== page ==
“Unless the Lord builds the house, the builders labour in vain.”
Working with Christians in another country helps to reinforce just how big our God is. We may have some small differences in various aspects of our faith, but we all serve the one Father. We know that any house we will build is built, not on the foundations that man has made, but out of the love we have for God and for our brothers and sisters in Christ. We hope and pray that our labours are not in vain.
The alternative chain gang
“A chain gang is a group of prisoners chained together to perform menial or physically challenging work as a form of punishment. Such punishment might include repairing buildings, building roads, or clearing land.”
That’s not quite what you will see when you visit a work party on site and the shout, “Chain Gang” goes up. There is a great deal of enthusiasm as folks find a place in the gang, ready to move the sand/gravel/rocks/bricks from A to B. We are not prisoners, and it’s no punishment…quite the reverse. The amazing thing is the amount of work that can be done quickly using this process. It brought to mind a Vine Trust training about teamwork, thinking of the word TEAM:
Together Everyone Achieves More
As you may gather we’ve been back on the building site again. Monday and Tuesday saw us ‘take the high road’ to the mountain. We were met with better weather each day, as well as the enthusiastic fundis and the ever-increasing band of local children.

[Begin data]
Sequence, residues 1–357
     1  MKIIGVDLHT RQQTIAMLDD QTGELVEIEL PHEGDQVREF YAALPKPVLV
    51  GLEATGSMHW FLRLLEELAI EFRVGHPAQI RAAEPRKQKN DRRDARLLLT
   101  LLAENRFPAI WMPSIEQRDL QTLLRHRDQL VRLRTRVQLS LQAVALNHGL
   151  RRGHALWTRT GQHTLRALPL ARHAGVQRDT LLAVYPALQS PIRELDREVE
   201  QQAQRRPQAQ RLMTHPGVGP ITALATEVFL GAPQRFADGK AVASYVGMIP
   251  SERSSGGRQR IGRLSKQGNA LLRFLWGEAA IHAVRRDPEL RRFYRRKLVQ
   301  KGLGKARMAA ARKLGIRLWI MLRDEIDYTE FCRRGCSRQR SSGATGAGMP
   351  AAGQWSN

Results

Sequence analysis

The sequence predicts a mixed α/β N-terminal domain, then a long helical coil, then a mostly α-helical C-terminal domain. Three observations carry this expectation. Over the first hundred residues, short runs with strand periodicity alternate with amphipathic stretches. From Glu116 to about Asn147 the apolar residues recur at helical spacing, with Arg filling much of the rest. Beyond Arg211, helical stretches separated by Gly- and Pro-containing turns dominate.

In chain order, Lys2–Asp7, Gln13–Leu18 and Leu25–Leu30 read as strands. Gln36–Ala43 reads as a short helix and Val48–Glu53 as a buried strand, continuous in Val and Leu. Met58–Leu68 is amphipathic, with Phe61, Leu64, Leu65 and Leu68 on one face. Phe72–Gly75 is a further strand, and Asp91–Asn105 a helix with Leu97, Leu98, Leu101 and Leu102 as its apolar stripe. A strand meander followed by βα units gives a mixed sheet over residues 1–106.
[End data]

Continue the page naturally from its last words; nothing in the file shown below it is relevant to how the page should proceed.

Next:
Our arrival on-site is followed immediately by a risk assessment and a warm up (yes, really) before we’re let loose into the task of the moment. Monday saw us take our pick, literally, and shovel to dig the foundations for the new home. For some this meant a wee lesson on how to handle the implements, for others a reminder to keep out of the way of the new pick handlers! The fundis and VT local staff (Ben and Elly) are always on hand to offer advise or take over and give a rest break to a tired team member (usually only after 5 minutes!) It was great to see how quickly we could make a difference and it didn’t take too long for the trenches to be considered deep enough, and for us to have one of the frequent water breaks required. Next, the fundis wanted rocks….”Chain Gang!”. Some were moved in buckets, others passed from hand to hand, all to the beat of some background music and lively chatter and swahili coaching. At one point we did try walking the rocks the 100 metres with individual loads, but soon discovered that that took up too much energy. Back to what works best. Another tip passed on from experienced volunteers sees the gang face alternate directions for passing items. After a time, “All change” is called out. This encourages us to use the muscles on both sides of our bodies without overstraining anyone. Little things can make a big difference.
Our water/snack breaks also become times for fun and games with the children – ‘magic’ tricks, balloon animals, bubbles and frisbees are dug out of our bags to be shared with all there.
Working together in such situations also allows us to get to know each other better. Stories are shared, new stories are created as we work….but what happens on the trip, stays on the trip…mainly!
Tuesday’s workload included moving hundreds of buckets of sand, gravel, rocks and more than 500 bricks. Gallons of water were shifted and some of us even made cement. This team also seems to be quite creative in finding ways of photographing the team at work – more about that in the future.